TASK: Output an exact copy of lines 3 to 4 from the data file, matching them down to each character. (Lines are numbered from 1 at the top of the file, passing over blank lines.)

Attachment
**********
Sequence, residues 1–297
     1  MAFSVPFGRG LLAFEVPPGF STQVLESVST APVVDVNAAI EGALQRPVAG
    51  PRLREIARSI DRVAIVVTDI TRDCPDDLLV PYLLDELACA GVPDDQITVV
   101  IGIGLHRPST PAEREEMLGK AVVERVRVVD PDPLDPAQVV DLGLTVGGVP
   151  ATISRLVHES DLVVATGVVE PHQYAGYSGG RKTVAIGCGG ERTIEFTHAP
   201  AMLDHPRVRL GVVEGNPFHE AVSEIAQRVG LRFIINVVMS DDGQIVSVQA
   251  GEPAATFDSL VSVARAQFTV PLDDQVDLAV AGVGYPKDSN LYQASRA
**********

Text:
    51  PRLREIARSI DRVAIVVTDI TRDCPDDLLV PYLLDELACA GVPDDQITVV
   101  IGIGLHRPST PAEREEMLGK AVVERVRVVD PDPLDPAQVV DLGLTVGGVP